Another issue we’re coming across with new processor technology is the ability to effectively cool a processor. I’m not talking about cooling the processor as a whole, but more for those hot spots of intense current density. We are going to get to a point where can’t remove the thermal energy fast enough, or with this design, we might be there already.

I will point out an interesting fact down this line of thinking though, which might go un-noticed by the rest of the press – Intel has reduced the total vertical height of the new Rocket Lake processors.

The z-height, or total vertical height, of the previous Comet Lake generation was 4.48-4.54 mm. This number was taken from a range of 7 CPUs I had to hand. However, this Rocket Lake processor is over 0.1 mm smaller, at 4.36 mm. The smaller height of the package plus heatspreader could be a small indicator to the required thermal performance, especially if the airgap (filled with solder) between the die and the heatspreader is smaller. If it aids cooling and doesn’t disturb how coolers fit, then great, however at some point in the future we might have to consider different, better, or more efficient ways to remove these thermal hotspots.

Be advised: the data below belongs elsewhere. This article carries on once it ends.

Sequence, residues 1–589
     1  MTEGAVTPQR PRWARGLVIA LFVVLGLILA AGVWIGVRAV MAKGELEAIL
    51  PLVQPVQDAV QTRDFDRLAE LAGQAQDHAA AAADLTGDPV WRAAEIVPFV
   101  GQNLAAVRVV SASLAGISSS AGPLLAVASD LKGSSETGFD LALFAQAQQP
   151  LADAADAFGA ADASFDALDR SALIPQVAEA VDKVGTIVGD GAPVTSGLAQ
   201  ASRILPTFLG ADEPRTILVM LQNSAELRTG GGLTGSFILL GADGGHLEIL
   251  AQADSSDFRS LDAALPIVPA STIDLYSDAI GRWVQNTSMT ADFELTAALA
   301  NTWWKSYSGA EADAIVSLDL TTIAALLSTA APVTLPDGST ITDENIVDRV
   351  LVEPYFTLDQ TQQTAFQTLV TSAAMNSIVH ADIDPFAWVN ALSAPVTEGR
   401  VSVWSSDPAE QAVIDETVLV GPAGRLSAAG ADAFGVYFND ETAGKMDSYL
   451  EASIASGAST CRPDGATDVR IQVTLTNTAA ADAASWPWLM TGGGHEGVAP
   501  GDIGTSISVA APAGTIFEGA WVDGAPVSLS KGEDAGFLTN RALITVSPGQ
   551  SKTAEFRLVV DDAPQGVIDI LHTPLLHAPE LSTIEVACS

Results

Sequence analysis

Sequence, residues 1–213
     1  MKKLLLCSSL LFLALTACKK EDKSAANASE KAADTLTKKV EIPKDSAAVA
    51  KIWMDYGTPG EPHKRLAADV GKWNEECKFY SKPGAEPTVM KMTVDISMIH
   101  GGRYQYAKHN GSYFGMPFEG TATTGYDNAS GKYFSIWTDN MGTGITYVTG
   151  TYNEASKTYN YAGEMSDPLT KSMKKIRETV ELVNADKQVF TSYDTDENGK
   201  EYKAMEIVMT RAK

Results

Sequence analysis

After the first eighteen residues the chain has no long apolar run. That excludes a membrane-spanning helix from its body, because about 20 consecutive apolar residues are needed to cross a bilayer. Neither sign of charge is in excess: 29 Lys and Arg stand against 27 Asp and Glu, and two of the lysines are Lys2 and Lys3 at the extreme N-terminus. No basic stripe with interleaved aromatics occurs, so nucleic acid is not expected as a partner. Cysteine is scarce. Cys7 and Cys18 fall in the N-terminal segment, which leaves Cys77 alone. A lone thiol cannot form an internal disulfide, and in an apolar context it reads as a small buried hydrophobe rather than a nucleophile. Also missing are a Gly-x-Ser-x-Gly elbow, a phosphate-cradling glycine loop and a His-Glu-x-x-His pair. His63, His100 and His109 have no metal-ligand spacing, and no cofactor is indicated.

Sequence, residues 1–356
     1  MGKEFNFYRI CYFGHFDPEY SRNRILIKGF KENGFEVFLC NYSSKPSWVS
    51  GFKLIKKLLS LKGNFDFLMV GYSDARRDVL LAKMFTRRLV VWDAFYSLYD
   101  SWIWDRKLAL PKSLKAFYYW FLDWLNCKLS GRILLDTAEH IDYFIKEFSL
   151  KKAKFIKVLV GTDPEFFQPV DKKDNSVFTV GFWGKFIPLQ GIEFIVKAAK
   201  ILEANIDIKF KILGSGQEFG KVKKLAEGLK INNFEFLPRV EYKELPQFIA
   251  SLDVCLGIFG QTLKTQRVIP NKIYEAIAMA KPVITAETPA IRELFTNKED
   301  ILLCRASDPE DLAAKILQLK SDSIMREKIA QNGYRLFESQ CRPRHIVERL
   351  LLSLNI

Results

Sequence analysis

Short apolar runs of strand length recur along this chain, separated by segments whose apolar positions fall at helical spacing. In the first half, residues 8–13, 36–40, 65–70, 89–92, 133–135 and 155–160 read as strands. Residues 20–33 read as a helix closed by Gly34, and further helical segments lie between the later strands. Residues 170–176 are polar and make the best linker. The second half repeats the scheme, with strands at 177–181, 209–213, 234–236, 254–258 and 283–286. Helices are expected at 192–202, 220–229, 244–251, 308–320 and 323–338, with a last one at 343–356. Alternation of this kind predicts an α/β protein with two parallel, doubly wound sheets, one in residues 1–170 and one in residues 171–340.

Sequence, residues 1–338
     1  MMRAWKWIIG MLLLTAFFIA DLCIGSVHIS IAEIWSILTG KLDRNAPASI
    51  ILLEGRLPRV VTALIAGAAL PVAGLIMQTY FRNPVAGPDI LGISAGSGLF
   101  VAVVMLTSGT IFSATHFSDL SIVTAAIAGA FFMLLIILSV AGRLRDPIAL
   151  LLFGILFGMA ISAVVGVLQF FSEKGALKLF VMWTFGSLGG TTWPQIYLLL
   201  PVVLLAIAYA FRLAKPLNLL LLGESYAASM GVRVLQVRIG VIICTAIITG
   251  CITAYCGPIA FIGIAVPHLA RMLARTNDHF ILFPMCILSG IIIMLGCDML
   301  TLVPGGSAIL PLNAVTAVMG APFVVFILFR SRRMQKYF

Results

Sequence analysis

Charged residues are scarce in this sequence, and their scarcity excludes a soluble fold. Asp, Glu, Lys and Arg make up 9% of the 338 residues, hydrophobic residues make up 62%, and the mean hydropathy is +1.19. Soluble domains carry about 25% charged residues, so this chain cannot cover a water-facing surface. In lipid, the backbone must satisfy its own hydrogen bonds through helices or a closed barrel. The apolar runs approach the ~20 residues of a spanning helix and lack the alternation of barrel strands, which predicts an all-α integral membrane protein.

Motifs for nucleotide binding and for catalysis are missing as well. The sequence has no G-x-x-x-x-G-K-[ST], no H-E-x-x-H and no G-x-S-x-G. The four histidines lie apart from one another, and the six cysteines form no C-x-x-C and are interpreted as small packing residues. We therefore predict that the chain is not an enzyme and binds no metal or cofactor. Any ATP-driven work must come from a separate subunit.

Peak Power Comparison

For completeness, here is our peak power consumption graph.

(0-0) Peak Power

Platform Stability: Not Complete

It is worth noting that in our testing we had some issues with platform stability with our Core i9 processor. Personally, across two boards and several BIOS revisions, I would experience BSODs in high memory use cases. Gavin, our motherboard editor, was seeing lockups during game tests with his Core i9 on one motherboard, but it worked perfectly with a second. We’ve heard about issues of other press seeing lockups, with one person going through three motherboards to find stability. Conversations with an OEM showcased they had a number of instability issues running at default settings with their Core i9 processors.

The exact nature of these issues is unknown. One of my systems refused to post with 4x32 GB of memory, only with 2x32 GB of memory. Some of our peers that we’ve spoken to have had zero problems with any of their systems. For us, our Core i7 and Core i5 were absolutely fine. I have a second Core i9 processor here which is going through stability tests as this review goes live, and it seems to be working so far, which might point that it is a silicon/BIOS issue, not a memory issue.

Edit: As I was writing this, the second Core i9 crashed and restarted to desktop.

We spoke to Intel about the problem, and they acknowledged our information, stating:

We are aware of these reports and actively trying to reproduce these issues for further debugging.